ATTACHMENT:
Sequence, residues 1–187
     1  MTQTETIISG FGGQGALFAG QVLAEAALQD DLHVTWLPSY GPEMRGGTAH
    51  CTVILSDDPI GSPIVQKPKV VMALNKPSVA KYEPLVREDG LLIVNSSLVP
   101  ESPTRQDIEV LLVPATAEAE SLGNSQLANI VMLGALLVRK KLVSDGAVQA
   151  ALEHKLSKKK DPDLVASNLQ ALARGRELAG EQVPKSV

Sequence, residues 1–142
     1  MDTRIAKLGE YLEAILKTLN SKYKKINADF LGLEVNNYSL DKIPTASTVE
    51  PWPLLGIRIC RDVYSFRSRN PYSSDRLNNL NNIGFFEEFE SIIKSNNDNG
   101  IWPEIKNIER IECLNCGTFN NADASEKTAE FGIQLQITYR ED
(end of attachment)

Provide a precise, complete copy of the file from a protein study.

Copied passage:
Sequence, residues 1–187
     1  MTQTETIISG FGGQGALFAG QVLAEAALQD DLHVTWLPSY GPEMRGGTAH
    51  CTVILSDDPI GSPIVQKPKV VMALNKPSVA KYEPLVREDG LLIVNSSLVP
   101  ESPTRQDIEV LLVPATAEAE SLGNSQLANI VMLGALLVRK KLVSDGAVQA
   151  ALEHKLSKKK DPDLVASNLQ ALARGRELAG EQVPKSV

Sequence, residues 1–142
     1  MDTRIAKLGE YLEAILKTLN SKYKKINADF LGLEVNNYSL DKIPTASTVE
    51  PWPLLGIRIC RDVYSFRSRN PYSSDRLNNL NNIGFFEEFE SIIKSNNDNG
   101  IWPEIKNIER IECLNCGTFN NADASEKTAE FGIQLQITYR ED